Nine of the new BMW M3 (and M4)'s most noteworthy features | Top Gear
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Nine of the new BMW M3 (and M4)'s most noteworthy features

Not fully gorged out on G80 M3 tidbits yet? Join us for more geeking out

  • There’s a new BMW M3 and M4. It can’t possibly have escaped your attention. But if you’ve not yet managed to discover how ace they both are, read our M3 Competition review and M4 Competition review by clicking their respective blue words.

    In short, it’s the techiest M3 yet. No surprise, given it’s swelled in size, weight and price, now effectively occupying the space the M5 used to (the delightful BMW M2 now occupying the footprint and producing the power of M3s of yore).

    So join us on a whistle-stop tour of some of the most intriguing and exciting new features to grace the G80 M3 saloon and G82 M4 coupe…

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  • M Drift Analyser

    It’s the biggie. Almost as big as your insurance renewal may be if you use it on a damp roundabout leading into Tesco's as opposed to on circuit, the place it’s meant to be deployed. The menu won’t open it up until you agree that’s the case…

    Activate it by holding the stability control button down until the systems completely disengage. At this point, you’ll get to choose between ten levels of traction control, your possible ‘rate my drift’ star rating rising from three to five as the assistance slackens.

    Then, commence skids, the angle and distance you achieve all mapped out by some clever (but clearly quite goading) software. What could possibly go wrong?

  • Ten-stage traction control

    Of course, you can enjoy the various freedoms of its adjustable traction control assistance without the need to showboat. Especially given most UK trackdays have a fairly strict black flag policy if you start deliberately lighting up the rear tyres.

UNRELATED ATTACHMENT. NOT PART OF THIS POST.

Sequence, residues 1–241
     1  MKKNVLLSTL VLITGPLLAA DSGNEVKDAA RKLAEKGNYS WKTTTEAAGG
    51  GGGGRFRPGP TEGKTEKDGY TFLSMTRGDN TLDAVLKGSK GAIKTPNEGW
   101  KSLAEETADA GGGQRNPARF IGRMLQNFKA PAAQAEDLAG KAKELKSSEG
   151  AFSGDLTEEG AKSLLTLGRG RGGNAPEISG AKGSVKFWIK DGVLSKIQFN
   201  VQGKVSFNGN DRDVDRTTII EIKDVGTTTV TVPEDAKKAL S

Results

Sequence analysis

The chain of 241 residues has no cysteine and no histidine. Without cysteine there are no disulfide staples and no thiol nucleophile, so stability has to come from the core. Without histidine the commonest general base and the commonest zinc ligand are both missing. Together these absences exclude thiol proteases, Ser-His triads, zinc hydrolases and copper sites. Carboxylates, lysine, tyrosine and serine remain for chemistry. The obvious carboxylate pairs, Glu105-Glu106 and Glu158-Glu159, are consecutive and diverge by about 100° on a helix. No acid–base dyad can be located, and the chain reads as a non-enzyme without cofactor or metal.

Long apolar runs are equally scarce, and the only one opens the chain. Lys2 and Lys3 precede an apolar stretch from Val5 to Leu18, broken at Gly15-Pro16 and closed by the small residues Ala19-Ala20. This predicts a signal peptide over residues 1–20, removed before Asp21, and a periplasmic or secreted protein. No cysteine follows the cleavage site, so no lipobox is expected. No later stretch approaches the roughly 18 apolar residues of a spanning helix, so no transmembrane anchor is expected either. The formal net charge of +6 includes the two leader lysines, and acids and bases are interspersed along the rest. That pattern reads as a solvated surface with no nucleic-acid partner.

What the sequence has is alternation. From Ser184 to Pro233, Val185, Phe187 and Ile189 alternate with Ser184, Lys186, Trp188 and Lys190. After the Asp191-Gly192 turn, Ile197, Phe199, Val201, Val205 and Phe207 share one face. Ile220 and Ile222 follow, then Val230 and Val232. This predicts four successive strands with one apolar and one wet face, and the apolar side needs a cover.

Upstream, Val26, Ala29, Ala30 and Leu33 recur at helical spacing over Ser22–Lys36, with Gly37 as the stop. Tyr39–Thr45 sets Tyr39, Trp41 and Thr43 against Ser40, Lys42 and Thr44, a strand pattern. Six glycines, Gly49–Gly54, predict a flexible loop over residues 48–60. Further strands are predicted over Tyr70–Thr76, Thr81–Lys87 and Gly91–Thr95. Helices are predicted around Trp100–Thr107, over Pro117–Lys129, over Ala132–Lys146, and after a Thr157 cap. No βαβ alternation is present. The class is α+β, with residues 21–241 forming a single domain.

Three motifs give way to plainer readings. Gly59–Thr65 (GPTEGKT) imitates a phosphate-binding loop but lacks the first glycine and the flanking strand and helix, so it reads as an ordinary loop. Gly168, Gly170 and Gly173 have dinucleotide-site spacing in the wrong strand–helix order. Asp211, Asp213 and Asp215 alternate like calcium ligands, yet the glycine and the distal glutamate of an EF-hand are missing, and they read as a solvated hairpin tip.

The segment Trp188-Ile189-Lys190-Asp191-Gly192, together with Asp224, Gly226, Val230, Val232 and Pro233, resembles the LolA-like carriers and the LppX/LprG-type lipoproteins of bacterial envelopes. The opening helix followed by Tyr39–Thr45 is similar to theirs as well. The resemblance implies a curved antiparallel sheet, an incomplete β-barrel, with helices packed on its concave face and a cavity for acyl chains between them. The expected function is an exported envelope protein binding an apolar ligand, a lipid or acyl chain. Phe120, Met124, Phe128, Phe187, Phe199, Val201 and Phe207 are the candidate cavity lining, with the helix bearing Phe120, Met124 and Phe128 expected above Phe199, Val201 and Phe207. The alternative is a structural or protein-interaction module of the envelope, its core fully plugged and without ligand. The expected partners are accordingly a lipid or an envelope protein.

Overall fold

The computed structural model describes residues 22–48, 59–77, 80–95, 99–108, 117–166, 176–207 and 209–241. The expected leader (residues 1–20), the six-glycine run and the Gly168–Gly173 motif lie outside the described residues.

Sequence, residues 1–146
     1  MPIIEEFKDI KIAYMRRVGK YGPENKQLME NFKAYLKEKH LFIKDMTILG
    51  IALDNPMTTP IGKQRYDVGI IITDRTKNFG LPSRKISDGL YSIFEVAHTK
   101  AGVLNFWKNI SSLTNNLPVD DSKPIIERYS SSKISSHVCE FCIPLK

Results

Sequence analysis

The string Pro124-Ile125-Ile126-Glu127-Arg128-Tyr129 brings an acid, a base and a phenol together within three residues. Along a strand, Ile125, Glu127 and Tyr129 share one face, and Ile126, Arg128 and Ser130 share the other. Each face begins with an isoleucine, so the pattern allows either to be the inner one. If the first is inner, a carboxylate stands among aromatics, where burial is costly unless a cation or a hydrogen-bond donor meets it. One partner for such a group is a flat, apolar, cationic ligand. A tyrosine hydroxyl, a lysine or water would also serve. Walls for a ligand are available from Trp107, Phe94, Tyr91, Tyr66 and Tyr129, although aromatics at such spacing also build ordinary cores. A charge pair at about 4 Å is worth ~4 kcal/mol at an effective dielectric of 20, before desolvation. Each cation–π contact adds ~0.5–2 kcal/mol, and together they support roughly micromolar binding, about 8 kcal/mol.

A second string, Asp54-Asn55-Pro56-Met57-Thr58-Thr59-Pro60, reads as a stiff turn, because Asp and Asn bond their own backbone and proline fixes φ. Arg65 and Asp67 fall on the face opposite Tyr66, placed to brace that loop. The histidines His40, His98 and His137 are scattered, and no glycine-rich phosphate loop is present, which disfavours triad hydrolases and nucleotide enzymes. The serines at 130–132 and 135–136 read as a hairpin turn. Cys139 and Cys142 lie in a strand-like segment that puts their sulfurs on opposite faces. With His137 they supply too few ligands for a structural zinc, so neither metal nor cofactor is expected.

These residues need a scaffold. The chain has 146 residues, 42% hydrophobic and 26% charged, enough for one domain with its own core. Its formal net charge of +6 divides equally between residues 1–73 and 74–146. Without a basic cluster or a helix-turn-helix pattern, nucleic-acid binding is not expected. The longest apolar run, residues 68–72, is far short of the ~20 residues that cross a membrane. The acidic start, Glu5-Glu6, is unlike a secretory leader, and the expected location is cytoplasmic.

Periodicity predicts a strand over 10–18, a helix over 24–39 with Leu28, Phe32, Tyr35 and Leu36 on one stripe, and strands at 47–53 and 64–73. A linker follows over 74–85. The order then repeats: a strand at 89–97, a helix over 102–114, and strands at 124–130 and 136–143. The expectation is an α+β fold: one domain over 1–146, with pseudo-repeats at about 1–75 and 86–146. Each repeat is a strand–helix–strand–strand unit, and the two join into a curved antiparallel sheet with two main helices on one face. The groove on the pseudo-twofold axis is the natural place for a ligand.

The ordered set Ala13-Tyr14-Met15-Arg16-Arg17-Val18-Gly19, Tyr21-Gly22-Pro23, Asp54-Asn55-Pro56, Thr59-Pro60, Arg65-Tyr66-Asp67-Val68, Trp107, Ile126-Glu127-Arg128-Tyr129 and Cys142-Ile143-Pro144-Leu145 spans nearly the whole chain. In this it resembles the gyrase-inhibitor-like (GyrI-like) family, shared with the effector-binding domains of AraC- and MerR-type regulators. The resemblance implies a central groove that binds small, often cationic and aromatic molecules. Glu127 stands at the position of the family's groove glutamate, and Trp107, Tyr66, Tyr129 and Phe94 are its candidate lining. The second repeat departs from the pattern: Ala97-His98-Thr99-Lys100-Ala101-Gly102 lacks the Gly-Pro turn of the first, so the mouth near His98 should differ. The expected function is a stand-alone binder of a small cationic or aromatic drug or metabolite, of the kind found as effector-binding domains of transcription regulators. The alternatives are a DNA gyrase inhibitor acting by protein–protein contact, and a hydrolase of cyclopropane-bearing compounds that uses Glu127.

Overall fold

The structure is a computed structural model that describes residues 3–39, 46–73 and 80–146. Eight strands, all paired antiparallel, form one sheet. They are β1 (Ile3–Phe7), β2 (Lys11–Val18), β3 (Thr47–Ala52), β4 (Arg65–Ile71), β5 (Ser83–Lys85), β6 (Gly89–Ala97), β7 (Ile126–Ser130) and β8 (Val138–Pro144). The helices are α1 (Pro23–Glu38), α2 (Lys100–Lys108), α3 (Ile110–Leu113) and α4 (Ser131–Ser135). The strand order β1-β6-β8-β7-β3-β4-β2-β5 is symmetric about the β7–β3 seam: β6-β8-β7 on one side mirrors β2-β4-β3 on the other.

So instead use this feature to adjust the difficulty level. Y’know, should the process of bundling 503bhp and 1.7 tonnes around a racetrack with a minor helping hand begin to bore you.

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  • Two M buttons

    Not exactly new to the M3, but they’re handier than ever before. See, the old one had steering, suspension and powertrain buttons in the centre console, allowing you to quickly and easily sharpen everything up as your favourite road approached, but slacken off the damping when the really bumpy bit neared.

    It’s a little bit more of a sub-menu based faff now, making the convenience of having two distinct setups just a button press away – ‘comfy but pressing on a bit’ and ‘I want to get home with my shoes on fire’, we’d suggest – a very welcome one.

  • Two brake settings

    Yep, buried in those mode menus is the option for a Comfort or Sport bias for the braking system. It was introduced on the latest M5 and has quickly filtered down for the M3. Sport firms up the pedal and reduces travel.

    Too much choice? It was hard to immediately tell any real difference between the two options on road, we’ll admit. Perhaps speccing the optional carbon-ceramics and hammering around a trackday would exhibit more of a gap between them. Put it this way: if you whack the car in front while the brakes are still in Comfort, we suspect you’d still be taking photographs and exchanging details had they been in Sport…

  • Track mode

    Naturally there are Sport and Sport Plus settings for all of the mechanical bits and bobs, as well as that wildly adjustable traction control. But there’s also another M Mode, activated by a switch tucked just below the big red starter button. This cycles between Road, Sport and Track (keeping up?), and it’s the quickest and easiest way of disabling all the active lane-keep and collision-avoidance systems. The last thing you want exiting the pitlane of a race circuit is for the car to try and steer you back into the wall, huh?